Ethical issues in organ procurement: A review for intensivists

R. M. Arnold*, L. A. Siminoff, J. E. Frader

*Corresponding author for this work

Research output: Contribution to journalArticlepeer-review

20 Scopus citations


The scarce supply of transplantable organs is the major factor limiting the growth and success of transplantation. This fact has led policy analysts to focus attention on ways to change the existing public policy drastically regarding organ procurement. Changes that decrease the emphasis on voluntarism and altruism, however, affect these values that are interwoven deeply into American culture. These changes are unlikely to occur. Moreover, people are deeply ambivalent about transplantation. On the one hand, they clearly are enamored by how doctors can restore critically ill patients to a normal life, using technologic advances. On the other hand, they are uncomfortable with the process of organ procurement, fearing that doctors will take their organs too soon or for nefarious reasons. Public opinion polls show that Americans, while supporting organ transplantation, are against policy changes that emphasize maximizing the organ supply more than voluntarism has been able to do. These facts make any radical change in the procurement system unlikely in the near future. Still, there is much that can be done within the current system to improve the organ procurement process. Improving the current system will require a better understanding of why families refuse to donate. Whereas public policy places great stress on the individual as the decision maker for donating, the familial, group nature of the real decision-making process has been all but ignored. For example, research shows that a family's knowledge of the patient's prior wishes is central to their decision. This suggests that public education should stress the importance of telling one's family what one's wishes are concerning donation rather than anonymously checking off an option on a driver's license at a motor vehicle bureau. Research and training regarding how best to inform grieving families about the possibility of donation also are needed. Currently, even among families who agree to donate, there are common complaints about the lack of information regarding brain death, the cost of donation, the effect of donation on funeral arrangements, and health care providers' insensitivity. Poor communication, rather than an informed decision not to donate, may be the cause for the high refusal rates. This suggests that better training in how to discuss organ donation with grieving families may increase consent to donation. It is ironic that in the midst of high-technologic medicine, improved communication may turn out to be the most efficient way to increase procurement and save lives.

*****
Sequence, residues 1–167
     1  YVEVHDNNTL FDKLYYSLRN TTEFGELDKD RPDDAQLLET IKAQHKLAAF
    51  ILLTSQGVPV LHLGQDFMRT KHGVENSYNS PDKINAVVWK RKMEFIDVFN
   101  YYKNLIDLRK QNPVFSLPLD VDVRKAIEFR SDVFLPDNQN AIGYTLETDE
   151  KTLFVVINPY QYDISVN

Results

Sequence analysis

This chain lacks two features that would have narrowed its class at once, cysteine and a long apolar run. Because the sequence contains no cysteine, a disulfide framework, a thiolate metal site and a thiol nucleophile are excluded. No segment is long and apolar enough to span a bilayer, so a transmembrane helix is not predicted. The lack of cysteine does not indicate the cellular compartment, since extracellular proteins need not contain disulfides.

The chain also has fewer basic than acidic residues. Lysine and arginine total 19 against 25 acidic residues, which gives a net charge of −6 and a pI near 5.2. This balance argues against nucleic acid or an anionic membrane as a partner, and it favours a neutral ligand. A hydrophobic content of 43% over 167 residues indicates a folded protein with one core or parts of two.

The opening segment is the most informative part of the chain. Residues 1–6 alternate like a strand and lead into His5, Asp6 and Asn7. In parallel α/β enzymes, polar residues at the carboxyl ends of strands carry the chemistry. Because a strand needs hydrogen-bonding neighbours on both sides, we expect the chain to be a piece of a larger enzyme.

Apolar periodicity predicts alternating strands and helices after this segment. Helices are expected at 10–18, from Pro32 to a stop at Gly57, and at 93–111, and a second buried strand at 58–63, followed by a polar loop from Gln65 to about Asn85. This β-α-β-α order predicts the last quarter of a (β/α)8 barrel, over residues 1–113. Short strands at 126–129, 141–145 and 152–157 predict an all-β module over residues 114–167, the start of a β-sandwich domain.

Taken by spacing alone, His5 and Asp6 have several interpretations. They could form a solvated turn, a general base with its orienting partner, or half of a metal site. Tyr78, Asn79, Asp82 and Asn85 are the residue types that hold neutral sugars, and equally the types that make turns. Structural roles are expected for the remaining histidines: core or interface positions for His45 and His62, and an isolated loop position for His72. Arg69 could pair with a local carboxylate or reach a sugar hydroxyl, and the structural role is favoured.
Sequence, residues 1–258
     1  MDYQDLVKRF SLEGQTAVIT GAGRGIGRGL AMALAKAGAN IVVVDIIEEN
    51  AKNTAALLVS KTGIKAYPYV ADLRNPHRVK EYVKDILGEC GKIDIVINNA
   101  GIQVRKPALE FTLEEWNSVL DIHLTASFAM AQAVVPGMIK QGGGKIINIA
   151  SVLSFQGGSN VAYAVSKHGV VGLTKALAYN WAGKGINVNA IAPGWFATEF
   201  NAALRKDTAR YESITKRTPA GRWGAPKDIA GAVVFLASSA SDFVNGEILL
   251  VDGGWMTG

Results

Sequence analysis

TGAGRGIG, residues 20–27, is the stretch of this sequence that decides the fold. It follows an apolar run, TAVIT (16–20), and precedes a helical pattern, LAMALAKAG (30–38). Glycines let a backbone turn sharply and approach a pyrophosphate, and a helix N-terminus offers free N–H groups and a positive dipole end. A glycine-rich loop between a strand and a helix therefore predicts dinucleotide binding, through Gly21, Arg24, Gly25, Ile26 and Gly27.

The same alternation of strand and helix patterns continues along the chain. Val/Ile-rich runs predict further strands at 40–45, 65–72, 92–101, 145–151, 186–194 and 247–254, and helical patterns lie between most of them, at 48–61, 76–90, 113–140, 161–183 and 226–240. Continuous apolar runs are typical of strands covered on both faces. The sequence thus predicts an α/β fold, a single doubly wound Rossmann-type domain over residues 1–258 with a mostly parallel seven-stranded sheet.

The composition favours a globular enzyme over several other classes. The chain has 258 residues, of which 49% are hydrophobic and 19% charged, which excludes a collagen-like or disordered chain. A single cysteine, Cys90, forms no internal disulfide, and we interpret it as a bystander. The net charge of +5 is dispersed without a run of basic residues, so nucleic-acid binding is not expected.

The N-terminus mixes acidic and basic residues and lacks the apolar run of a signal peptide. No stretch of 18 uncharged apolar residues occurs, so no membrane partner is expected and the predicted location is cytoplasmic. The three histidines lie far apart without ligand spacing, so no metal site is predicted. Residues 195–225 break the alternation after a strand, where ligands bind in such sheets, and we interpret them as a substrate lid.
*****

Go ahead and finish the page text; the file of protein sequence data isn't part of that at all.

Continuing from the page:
Original languageEnglish (US)
Pages (from-to)29-48
Number of pages20
JournalCritical Care Clinics
Issue number1
StatePublished - 1996

ASJC Scopus subject areas

  • Critical Care and Intensive Care Medicine


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